Since 1982 Idaho Fish and Game fisheries biologists have been monitoring the numbers of the different types of trout in the South Fork Snake River outside of Idaho Falls.
This monitoring has tracked the effects non-native rainbow trout are having on native Yellowstone cutthroat trout populations. Rainbow trout can interbreed with cutthroats and produce fertile offspring. The resulting generations of hybrids become more and more like rainbows, and less like cutthroats.
While a variety of efforts have yielded some success, 2009 counts showed a dramatic increase in the number of rainbows that were spawned in 2008, prompting the need for some serious action. Fish and Game hopes its South Fork Snake River Angler Incentive Program will increase the harvest of rainbow trout, reduce their numbers, and help to protect native Yellowstone cutthroat trout.
The goal of these management efforts is not to eradicate the non-native rainbow trout, but to reduce their numbers to what was seen on the South Fork in the 1980s and early 1990s. Monitoring in 2009 showed that, for the first time since 1982, rainbow trout outnumbered Yellowstone cutthroat in the South Fork Snake River.
The major focus area is the stretch of river below Palisades Dam down to Heise. This portion is important, because it includes the four main spawning tributaries used by Yellowstone cutthroat trout. More information will be forthcoming on the important work being done to protect these vital creeks.
Ongoing efforts to reduce negative impacts by removing size and bag limits for rainbow trout have been proven to work during normal years, but 2008 was not your typical year. The timing of the spring flows was such that it did not scour away rainbow spawning beds created in the main river channel.
The concept of catch-and-release was previously, strongly embraced by all anglers on the South Fork, with 93 percent of all fish being released before 2004. Education efforts and modified regulations helped to decrease the number of fish being released to 50 percent. Unfortunately, this still resulted in too many rainbows being released to be able to go on and reproduce.
"We think that if we can decrease the percentage of fish released, then we will be able to make a difference on the rainbow trout populations in the South Fork," fishery biologist Brett High said.
In order to obtain such a target, Fish and Game joined forces with Trout Unlimited to design a project that would get anglers to want to harvest every rainbow that they landed. The South Fork Snake River Angler Incentive Program hopes to change the way anglers respond whenever they catch a rainbow, ultimately helping to prevent the native Yellowstone cutthroat trout from disappearing.
Humans love a challenge and they enjoy being rewarded. Combine the two and you hopefully have the recipe for success. The challenge is the aquatic equivalent of finding a needle in a haystack. In this case, 575 rainbow trout of varying sizes have had tiny wire "tags" implanted in their snouts. These tiny wires are etched with microscopic markings to indicate their value. No state dollars are being used for this program; only money from federal sources.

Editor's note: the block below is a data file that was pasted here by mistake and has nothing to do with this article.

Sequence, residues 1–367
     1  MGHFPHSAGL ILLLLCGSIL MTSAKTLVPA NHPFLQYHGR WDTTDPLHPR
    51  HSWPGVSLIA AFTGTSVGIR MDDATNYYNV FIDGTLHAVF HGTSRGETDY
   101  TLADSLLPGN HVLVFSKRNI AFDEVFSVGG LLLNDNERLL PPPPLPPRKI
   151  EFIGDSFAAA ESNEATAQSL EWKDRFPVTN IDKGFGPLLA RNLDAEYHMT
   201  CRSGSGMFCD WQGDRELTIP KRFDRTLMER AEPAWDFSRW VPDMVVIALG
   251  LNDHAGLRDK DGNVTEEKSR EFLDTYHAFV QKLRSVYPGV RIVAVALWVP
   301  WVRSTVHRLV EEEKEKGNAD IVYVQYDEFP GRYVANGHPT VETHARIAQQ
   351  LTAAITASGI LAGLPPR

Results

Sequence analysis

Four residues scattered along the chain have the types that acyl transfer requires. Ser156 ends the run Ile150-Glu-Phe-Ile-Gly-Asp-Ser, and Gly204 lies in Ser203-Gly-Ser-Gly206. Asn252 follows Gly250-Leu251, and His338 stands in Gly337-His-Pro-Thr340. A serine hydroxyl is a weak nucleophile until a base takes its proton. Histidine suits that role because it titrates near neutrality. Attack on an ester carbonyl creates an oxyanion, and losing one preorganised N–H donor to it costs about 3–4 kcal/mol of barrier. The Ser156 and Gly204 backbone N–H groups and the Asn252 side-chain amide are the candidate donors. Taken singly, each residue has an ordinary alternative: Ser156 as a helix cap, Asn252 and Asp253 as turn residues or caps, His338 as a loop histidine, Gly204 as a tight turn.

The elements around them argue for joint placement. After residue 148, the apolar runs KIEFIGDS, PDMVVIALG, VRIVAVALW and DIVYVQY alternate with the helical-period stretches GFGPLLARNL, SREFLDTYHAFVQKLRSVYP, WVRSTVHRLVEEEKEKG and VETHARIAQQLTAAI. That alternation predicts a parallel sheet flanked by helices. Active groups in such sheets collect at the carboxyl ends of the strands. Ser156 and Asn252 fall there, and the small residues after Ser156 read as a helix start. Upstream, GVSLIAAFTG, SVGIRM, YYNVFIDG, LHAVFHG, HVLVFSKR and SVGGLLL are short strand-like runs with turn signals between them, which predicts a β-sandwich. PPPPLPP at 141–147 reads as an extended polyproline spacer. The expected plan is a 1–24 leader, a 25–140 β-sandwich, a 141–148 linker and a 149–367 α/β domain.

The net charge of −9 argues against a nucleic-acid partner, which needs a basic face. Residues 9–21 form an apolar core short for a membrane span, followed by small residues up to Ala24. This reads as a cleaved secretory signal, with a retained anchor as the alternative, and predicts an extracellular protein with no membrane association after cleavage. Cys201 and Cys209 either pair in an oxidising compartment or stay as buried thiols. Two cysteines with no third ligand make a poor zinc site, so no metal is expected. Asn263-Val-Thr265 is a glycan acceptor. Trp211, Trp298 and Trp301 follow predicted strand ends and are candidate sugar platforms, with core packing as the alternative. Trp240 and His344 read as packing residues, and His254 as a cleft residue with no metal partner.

The reward breakdown is: 300 of the tags are worth $50 each; 200 are worth $100; 50 are worth $200; 20 worth $500; and 5 are worth $1,000 each.
The competitive aspect is that the tags are invisible to the eye and can't be detected by a standard metal detector. In order to tell whether a fish is a winner it must be killed and brought into the Idaho Falls Fish and Game headquarters to be checked.
Because the rainbow trout is a sport fish, it cannot be wasted. Anglers can keep the meat and turn in the head if they desire, or they can turn in the whole fish.
Fish and Game has worked out an agreement with the Eastern Idaho Community Action Partnership who will distribute the donated fish to the needy. Because all of these fish are destined for human consumption, it is critical that they are treated in a manner that will preserve their freshness and cleanliness. All fish need to be killed immediately and then cleaned. After being cleaned, they need to be stored in an appropriate manner for consumption. Heads can be separated from the bodies and both frozen until they are turned in.
It is important for anglers to be aware that the process to determine whether a fish is a winner and receive a check will not happen overnight. Fish can be dropped off during business hours at the Fish and Game regional office, 4279 Commerce Circle in the St. Leon Business Park in Idaho Falls, or later in the spring and summer at freezers placed at the Conant and Byington Boat ramps.
Anglers may also bring fish to the Fish and Game regional office on the first Friday of each month. Biologists will then use an ultra-sensitive metal detector to determine if a fish has a winning tag.
Once tags are located and removed they will need to be examined under a microscope to read the code indicating the reward amount.
"People won't just be able to bring in a fish and get a check; the whole process will take about a month," High said.
Anglers will receive receipts for fish they drop off. If they would rather see with their own eyes if they have a fish with a wire tag, then they will have to come to the regional office on the first Friday of each month when fish are checked.
"Again, even if their fish is a winner, the process to locate and then issue a reward check will take some time," High said.
Idaho Fish and Game policy prohibits employees from taking part in the program, which will run through the end of 2011.
To learn more, please call the regional office at 208-525-7290. A short YouTube video about the program is available at http://www.youtube.com/user/idahofishgame .